The designer recently hit headlines for defending Emily Ratajkowski after she was criticised for wearing one of his ‘vulgar’ dresses. Any mention of criticism and Julien is steadfast in his approach: “If you’re going to spend a lot of money on the gym and eating healthily and your hair and make-up, then you should wear clothes that accentuate that. Confidence and glamour is my aesthetic.”

Of course, an interview with a fashion designer doesn’t come without one or two mentions of the current state of the fashion industry. Julien’s AW17 show was a strong contender in the diversity stakes with the Welsh name choosing real dark-skinned models to showcase his most vibrant dresses.

“I dress people from all over the world, from all different ethnic backgrounds,” he states. “And you know what? We live in a global world. We definitely live in a global city. I will support different cultures.”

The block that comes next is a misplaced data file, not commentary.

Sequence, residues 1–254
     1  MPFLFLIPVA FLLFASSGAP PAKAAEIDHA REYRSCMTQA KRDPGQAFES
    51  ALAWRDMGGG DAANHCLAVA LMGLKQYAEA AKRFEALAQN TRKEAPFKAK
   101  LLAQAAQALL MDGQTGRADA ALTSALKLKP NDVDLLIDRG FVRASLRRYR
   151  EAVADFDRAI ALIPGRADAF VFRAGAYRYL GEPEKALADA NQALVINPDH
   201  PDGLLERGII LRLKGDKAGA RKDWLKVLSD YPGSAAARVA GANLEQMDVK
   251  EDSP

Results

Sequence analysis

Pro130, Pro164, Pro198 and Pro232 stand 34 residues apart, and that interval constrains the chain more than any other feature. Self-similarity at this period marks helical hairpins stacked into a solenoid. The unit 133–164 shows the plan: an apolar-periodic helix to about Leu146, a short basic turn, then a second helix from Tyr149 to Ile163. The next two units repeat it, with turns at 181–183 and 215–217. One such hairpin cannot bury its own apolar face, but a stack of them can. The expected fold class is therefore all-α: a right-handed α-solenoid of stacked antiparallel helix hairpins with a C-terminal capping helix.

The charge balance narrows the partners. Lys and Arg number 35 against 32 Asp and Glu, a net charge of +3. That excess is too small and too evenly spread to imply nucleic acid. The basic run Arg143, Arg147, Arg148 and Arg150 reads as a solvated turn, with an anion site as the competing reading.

As for the people in the industry who perhaps need a lesson or two? Ever the mediator, Julien believes the main teaching point should be forgiveness: “Look. There’s a lot of different people in fashion and I can only speak for my audience and the aesthetic I promote.

“But I think there’s a time and place for everything. Nobody’s perfect.”

Julien Macdonald’s creation for the McDonald’s Signature Collection is available in highly limited numbers at events across the UK. Head here to find your nearest event and find The Signature Collection.

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Read more from Yahoo Style UK:

Vitiligo model Winnie Harlow walks in Julien Macdonald’s diverse London Fashion Week show

These students made swimwear out of McDonald’s packaging

Matthew Williamson is no fashion snob: The designer talks affordable style and the death of trends